She’s also the first neighborhood optometrist in approximately 30 years, and her presence has been a welcome addition since she opened the office in July 2019.
MAKING MOVES ON HER FIVE-YEAR PLAN
Becoming an owner or partner was part of Dr. Driedger’s five-year plan as she graduated from Southern College of Optometry in 2013. Dr. Driedger considered an opportunity to be one of several partners in a larger clinic that would involved a slightly longer timeline, yet she realized that her voice wouldn’t have as much of an impact there. She contemplated her next move while she worked in a hospital setting, gaining valuable experiences with ocular disease. Working in those two settings boosted her confidence, and she set off to open a practice on her own.
Dr. Driedger began her search for a space in July 2018; she wanted to open the practice in the suburb where she lives. “I would go out and scout on my own,” and she found the space before her real estate agent did in December 2018. In a small strip mall, it’s located next door to the neighborhood 7-11 convenience store. “It’s been there for 40+ years, and everyone knows it.” There’s a mix of some foot traffic plus many cars driving along the route to downtown.
There was some work to be done before Dr. Driedger could get into the space as the strip center was reworked. Her office was formerly the back of a bank and the front of a tailor shop merged together. By April 1, 2019, she had possession to start the work inside.
PEACEFUL YET PRODUCTIVE
The optometrist was the only doctor that Dr. Driedger was not afraid to visit as a child. In fact, after shadowing at his office and his words of encouragement, she had decided she wanted to pursue optometry by the time she was 12. So she knew that View Pointe Vision + Style had to be warm, bright and welcoming. “I wanted my office to be a representation of my personality—stylish but not so upscale that people wouldn’t feel comfortable.” It also had to complement the medical side of the profession. “In Canada, there are not as many ophthalmologists as in the U.S., so it’s important to have all of the technology so we can treat as much as possible without having to send people downtown.” Must-haves at the start were an OCT, retinal camera, visual field and on-site edger.
Dr. Driedger turned to her best friend from optometry school Kristin Reed, OD, who opened Modern Eyes in Omaha, Nebraska, two years before her. “She looked over my design and told me the things that she wished she had done differently.” Then Dr. Driedger’s designer and architect pulled it all together. “She totally understood my vision, which was awesome.”
The local construction team transformed the 1,700 square feet but one part of the old bank had to remain—the vault. “We couldn’t get rid of it, so we changed into an office.”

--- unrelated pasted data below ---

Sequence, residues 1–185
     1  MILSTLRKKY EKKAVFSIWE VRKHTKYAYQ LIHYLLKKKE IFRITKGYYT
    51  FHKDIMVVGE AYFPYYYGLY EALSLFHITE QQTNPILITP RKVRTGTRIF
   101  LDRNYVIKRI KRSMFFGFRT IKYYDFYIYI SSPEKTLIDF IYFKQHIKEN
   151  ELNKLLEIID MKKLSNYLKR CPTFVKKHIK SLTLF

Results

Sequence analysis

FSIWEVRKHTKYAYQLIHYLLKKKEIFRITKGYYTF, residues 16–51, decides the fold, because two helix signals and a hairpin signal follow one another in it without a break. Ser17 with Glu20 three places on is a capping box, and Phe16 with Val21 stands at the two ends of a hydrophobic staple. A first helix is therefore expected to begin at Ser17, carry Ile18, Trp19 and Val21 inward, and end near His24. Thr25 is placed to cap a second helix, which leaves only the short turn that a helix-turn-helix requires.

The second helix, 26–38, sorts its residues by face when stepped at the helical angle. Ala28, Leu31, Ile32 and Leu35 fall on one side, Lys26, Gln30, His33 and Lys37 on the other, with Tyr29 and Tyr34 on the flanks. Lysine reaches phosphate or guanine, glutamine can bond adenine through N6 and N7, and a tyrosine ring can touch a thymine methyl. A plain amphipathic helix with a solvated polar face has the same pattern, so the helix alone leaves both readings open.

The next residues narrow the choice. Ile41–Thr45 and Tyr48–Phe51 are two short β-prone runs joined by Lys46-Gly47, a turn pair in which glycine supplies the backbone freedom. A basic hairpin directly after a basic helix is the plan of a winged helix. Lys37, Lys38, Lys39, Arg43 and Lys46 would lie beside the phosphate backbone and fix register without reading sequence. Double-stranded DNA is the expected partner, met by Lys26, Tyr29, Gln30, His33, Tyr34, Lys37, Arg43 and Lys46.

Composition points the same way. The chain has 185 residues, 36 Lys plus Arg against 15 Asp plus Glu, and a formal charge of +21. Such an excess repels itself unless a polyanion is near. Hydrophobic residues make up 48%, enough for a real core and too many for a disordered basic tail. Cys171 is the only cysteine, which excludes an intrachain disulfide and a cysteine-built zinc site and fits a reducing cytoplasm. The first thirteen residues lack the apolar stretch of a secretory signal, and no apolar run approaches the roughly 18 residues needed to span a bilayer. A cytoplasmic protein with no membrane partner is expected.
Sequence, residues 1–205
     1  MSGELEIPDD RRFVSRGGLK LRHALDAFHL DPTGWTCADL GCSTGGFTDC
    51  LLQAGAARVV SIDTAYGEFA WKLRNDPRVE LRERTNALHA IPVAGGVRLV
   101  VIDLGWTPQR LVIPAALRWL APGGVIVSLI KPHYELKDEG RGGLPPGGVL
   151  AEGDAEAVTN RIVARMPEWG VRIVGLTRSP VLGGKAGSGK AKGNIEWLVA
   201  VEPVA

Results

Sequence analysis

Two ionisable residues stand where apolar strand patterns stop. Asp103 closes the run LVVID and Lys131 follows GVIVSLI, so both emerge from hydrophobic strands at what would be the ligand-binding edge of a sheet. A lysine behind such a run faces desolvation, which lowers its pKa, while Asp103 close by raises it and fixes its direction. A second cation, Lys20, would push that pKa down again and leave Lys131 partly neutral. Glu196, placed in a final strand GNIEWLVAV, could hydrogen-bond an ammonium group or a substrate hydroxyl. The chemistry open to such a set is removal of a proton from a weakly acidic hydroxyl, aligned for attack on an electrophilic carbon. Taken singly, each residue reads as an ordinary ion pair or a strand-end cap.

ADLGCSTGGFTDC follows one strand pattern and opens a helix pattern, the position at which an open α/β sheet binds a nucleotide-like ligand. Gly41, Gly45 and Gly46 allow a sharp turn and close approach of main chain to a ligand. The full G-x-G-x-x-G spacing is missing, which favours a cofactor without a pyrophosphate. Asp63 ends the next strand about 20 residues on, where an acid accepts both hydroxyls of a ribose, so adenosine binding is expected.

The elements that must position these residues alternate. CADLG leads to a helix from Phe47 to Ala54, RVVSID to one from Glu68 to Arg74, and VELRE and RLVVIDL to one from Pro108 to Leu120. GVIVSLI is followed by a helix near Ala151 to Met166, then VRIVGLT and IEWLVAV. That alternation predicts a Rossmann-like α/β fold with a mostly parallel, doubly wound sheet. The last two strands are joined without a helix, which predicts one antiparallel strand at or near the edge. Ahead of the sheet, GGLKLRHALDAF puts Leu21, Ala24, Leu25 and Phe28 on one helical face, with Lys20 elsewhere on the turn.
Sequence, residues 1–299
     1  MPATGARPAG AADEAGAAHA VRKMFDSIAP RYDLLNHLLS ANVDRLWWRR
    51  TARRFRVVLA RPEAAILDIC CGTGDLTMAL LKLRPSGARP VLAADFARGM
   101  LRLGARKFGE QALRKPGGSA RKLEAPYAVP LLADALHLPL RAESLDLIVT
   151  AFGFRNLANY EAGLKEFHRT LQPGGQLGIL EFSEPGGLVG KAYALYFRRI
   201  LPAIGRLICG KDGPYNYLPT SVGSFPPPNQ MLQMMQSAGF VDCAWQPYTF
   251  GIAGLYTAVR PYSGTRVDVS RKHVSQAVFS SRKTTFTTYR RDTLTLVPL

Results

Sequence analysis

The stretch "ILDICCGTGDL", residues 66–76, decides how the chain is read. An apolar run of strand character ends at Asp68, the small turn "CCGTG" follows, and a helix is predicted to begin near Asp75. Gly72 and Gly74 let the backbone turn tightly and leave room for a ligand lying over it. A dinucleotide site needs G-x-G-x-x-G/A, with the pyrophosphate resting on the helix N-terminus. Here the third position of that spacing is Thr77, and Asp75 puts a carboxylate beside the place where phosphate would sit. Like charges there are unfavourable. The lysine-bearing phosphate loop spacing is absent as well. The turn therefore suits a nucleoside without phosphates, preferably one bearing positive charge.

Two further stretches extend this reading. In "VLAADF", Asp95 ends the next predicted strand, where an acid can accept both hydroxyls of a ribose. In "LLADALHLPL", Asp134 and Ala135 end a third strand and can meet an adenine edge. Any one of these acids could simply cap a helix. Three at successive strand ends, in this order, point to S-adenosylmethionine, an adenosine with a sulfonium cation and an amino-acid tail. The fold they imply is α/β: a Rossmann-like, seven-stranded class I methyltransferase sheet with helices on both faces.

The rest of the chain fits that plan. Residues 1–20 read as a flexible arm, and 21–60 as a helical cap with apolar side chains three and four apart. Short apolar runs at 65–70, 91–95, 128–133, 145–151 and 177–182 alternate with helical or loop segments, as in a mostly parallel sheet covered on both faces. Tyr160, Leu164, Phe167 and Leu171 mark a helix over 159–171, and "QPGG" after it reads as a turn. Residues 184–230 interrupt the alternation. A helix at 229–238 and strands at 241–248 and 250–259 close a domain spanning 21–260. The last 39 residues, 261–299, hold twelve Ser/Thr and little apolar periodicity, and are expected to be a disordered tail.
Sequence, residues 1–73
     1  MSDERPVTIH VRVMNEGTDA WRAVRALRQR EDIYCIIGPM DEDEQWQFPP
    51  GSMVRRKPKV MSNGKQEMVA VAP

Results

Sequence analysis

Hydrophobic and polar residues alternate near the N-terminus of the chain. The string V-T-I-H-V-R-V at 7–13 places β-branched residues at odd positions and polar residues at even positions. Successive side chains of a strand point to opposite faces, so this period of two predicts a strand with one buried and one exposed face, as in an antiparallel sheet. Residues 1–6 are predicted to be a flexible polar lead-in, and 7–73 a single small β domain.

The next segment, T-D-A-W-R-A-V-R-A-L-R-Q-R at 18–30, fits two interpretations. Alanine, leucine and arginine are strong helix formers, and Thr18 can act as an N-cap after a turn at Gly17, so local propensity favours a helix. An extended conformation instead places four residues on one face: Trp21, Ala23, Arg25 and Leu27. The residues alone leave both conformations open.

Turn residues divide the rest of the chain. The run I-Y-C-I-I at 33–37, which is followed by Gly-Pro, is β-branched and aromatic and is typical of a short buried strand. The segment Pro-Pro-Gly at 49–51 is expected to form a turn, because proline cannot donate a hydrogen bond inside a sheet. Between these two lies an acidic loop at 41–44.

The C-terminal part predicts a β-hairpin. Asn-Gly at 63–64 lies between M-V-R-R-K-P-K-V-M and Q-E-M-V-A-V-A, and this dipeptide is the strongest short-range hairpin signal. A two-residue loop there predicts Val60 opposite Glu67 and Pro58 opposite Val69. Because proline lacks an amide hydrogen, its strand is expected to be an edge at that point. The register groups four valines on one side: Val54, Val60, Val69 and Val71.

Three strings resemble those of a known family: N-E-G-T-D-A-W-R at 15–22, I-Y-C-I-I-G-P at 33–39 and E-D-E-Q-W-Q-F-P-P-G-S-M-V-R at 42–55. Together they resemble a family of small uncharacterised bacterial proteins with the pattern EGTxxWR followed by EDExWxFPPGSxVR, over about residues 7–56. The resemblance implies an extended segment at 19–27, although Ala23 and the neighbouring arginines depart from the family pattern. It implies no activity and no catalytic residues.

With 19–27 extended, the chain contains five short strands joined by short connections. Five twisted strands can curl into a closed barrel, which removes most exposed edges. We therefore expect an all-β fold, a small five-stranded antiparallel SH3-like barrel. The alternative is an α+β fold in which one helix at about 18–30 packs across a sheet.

BUILDING A FOLLOWING
Dr. Driedger says that about 100 patients followed her, which was a surprise since she had previously worked 30 minutes away. She’s done it all in terms of marketing to new patients—from mailers to pictures on bus benches and street signs and Google ads. She’s delivered business cards to local businesses, and one of her newest staff members is ramping up the practice’s social media. Those direct mailers have had the most impact. “For so many years, people went to email, but now people are ignoring their emails because there are too many,” she says. “They have a tangible item that they can stick on the fridge as a reminder.” As a result, they were very busy from the start.
Business has slowed down a bit due to COVID-19, but she continues to work with her team to generate new business; her “New Year, New You” campaign is currently in the works. Individuals are gaining even more interest in supporting locally-owned companies, so that has been included in her marketing efforts, as well.
Dr. Driedger is thankful to her team, which now includes three staff members as well as support from her mom, who is retired and helps out when needed. Dr. Driedger credits both her mom and dad for pushing her forward and giving her the courage she needed to start this venture that has been full of interesting twists and turns in its first year. In November 2019, just a few months after opening, the pipes burst leading to the 7-11 Slurpee machine next door, and it destroyed half of the optical. That incident left her to close her doors for several weeks.
Then in March 2020, she closed up shop for eight weeks due to COVID-19. And since late 2020, most of the businesses surrounding View Pointe Vision + Style have been under a second shutdown. Thankfully, this time she was able to stay open. “We are lucky to be essential because many businesses can’t be open,” Dr. Driedger says. “If we can get through all of this, we can get through anything.”